CO2 Incubator

April 24th, 2014 by Acmas Leave a reply »

As it is very well known that incubator maintains optimal temperature, humidity and other conditions such as Carbon dioxide (CO2) and oxygen content of the atmosphere inside. CO2 incubator controls the CO2 level to 5% and it works on three building blocks

  • Carbon dioxide
  • Temperature
  • Relative Humidity

CO2 incubators are usually set to 37°C. This is the optimal working temperature for promoting healthy cell growth. The external indicators of the incubator do often provide a good sense of the internal environment, but it is often useful to keep a good thermometer inside to keep a record of the internal temperature.

The chambers of CO2 incubators are sometimes incorporated with copper which is used for eliminating the contamination in incubators, as copper breaks down it releases copper oxide which destroy microbes that are present in the chamber.

CO2 incubator may be

  • Water-jacketed; envelopes the unit’s chamber and provides superior insulation while eliminating contamination and cold spots.The water-jacket is also surrounded by insulation, which makes the incubator ideal for maintaining precise conditions.
  • Air-jacketed; an air-jacket CO2 incubator has a heated inner chamber that is controlled by sophisticated microprocessors. These microprocessors constantly monitor and adjust program settings and allow calibrations of CO2 and temperature.

For both types of incubators, the microcomputer controls include backup systems that prevent samples from overheating, plus alarms that monitor the out-of-tolerance conditions.

Maintaining the chamber’s environment (CO2 control)

To maintain the chamber environment for safe and reliable research, CO2 incubators are equipped with precise automated controls. These controllers are of three types.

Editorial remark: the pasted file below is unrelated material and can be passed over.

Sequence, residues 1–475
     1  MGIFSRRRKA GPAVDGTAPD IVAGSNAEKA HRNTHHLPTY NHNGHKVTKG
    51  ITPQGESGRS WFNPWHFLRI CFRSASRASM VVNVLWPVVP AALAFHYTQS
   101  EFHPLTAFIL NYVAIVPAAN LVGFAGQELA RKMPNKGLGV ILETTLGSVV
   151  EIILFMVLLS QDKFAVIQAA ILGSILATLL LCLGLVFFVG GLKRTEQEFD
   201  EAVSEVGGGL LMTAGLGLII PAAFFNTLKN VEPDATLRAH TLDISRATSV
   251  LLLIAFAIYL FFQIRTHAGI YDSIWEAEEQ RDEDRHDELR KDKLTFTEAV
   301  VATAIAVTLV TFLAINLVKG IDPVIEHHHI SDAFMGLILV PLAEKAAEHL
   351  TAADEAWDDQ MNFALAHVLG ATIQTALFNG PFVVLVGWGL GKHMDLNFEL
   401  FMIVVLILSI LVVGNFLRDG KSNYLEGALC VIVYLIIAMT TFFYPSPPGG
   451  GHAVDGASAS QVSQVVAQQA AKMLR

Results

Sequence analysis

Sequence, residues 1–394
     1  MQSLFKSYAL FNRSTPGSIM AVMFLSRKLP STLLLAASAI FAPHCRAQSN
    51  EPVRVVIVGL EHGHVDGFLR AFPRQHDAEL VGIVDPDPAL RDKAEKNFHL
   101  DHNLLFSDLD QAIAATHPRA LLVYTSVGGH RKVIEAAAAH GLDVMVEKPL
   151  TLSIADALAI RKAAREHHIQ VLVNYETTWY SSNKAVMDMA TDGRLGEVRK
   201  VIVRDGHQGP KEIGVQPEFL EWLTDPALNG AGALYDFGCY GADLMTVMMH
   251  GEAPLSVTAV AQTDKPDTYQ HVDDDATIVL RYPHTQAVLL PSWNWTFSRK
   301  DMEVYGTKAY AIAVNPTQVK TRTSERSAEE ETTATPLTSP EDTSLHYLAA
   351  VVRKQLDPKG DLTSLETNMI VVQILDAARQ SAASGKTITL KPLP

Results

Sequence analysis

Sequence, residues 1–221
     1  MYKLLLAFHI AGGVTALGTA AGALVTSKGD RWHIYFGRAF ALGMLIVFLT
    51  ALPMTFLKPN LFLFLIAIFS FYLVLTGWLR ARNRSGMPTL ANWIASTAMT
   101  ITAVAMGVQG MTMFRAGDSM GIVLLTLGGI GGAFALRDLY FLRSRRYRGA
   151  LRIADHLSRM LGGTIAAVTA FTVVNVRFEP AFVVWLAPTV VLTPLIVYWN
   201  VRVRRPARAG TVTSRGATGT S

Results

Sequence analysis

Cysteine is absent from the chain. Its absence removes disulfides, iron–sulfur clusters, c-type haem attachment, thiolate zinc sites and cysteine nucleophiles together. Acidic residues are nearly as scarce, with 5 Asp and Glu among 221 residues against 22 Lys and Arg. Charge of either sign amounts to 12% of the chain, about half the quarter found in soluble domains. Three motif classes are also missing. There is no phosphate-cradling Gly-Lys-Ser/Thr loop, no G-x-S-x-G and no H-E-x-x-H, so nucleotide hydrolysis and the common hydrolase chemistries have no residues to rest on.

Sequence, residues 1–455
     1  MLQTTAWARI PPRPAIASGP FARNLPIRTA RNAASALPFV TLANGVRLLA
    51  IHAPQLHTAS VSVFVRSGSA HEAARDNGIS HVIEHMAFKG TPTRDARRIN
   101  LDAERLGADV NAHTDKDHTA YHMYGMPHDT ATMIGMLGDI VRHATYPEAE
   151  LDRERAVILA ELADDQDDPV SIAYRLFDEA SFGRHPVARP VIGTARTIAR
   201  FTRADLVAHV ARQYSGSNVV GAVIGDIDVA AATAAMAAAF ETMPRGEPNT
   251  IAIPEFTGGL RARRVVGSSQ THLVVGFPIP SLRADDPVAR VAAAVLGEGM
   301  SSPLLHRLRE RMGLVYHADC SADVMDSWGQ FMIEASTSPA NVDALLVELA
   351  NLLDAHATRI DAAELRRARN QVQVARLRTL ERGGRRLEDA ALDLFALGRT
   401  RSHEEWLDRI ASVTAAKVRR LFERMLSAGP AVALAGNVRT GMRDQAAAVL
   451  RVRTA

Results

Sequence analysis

• Continuous Flow; provides manual control of the air and CO2 flow rate through the use of precision-bore glass tube flow meters. For this method an accessory air pump is required.
  • Thermal Conductivity (TC)sensor ; more indirect method of CO2 detection and control since it measures the level of CO2 by sensing temperature differences as CO2 is introduced into the chamber.
  • Infrared (IR); This method uses an infrared sensor to detect a change in CO2 concentrations as little as 0.1 %. Since the IR sensor is unaffected by changes in temperature and humidity, it is ideal for applications in which the incubator door is frequently opened, and provides nearly perfect culturing conditions for cell growth. The sensor continuously samples chamber atmosphere through a spectrophotometer flow cell, checking wavelength and instantly correcting an out-of-control condition. Also, CO2 recovery is rapid and changes in CO2 concentration are made within seconds.

Areas of Application

  • Tissue Culture
  • Food and dairy processing
  • Stem cell research
  • Biochemical, bacteriological and hematological studies
  • In vitro fertilization
  • Virological studies

Safety Guidelines

  • Incubator should be located on a solid work surface that should be away from high traffic areas and extreme temperatures (Constant temperature is easier to maintain if the incubator is not in the direct contact of airflow from air conditioners or heat sources.
  • Electrical cord of the incubator should be routinely inspected for any damage (Electrical cord should not be used for cord repair).
  • This thermometer must also be cleaned with 70% alcohol on a regular basis to maintain its integrity.
  • The internal humidity of the incubator is usually maintained, by a tray of water which is kept topped up on a weekly basis. It is essential to always use sterile distilled water to do this.  The tray which holds the water must also be cleaned to prevent the expensive and time-consuming results of contamination by unwanted invaders. The incubator should be cleaned with 70% alcohol between uses and internal removable parts should be autoclaved to achieve full sterilisation.

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